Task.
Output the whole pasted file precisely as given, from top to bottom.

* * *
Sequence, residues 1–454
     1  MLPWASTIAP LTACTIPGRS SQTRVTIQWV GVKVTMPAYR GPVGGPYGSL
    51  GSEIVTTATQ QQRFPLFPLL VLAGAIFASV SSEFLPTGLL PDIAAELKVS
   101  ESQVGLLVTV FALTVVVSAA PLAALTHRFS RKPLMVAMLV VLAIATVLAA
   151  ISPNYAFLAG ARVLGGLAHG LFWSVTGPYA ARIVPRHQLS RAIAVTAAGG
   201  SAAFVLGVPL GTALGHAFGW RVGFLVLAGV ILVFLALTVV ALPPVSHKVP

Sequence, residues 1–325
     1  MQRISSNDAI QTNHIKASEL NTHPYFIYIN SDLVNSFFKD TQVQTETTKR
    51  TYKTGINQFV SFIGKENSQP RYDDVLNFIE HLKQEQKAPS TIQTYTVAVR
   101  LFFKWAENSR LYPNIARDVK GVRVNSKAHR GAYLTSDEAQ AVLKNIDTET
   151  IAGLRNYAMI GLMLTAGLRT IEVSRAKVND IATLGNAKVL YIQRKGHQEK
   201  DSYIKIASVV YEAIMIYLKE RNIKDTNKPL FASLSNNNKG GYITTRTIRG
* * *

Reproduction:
Sequence, residues 1–454
     1  MLPWASTIAP LTACTIPGRS SQTRVTIQWV GVKVTMPAYR GPVGGPYGSL
    51  GSEIVTTATQ QQRFPLFPLL VLAGAIFASV SSEFLPTGLL PDIAAELKVS
   101  ESQVGLLVTV FALTVVVSAA PLAALTHRFS RKPLMVAMLV VLAIATVLAA
   151  ISPNYAFLAG ARVLGGLAHG LFWSVTGPYA ARIVPRHQLS RAIAVTAAGG
   201  SAAFVLGVPL GTALGHAFGW RVGFLVLAGV ILVFLALTVV ALPPVSHKVP

Sequence, residues 1–325
     1  MQRISSNDAI QTNHIKASEL NTHPYFIYIN SDLVNSFFKD TQVQTETTKR
    51  TYKTGINQFV SFIGKENSQP RYDDVLNFIE HLKQEQKAPS TIQTYTVAVR
   101  LFFKWAENSR LYPNIARDVK GVRVNSKAHR GAYLTSDEAQ AVLKNIDTET
   151  IAGLRNYAMI GLMLTAGLRT IEVSRAKVND IATLGNAKVL YIQRKGHQEK
   201  DSYIKIASVV YEAIMIYLKE RNIKDTNKPL FASLSNNNKG GYITTRTIRG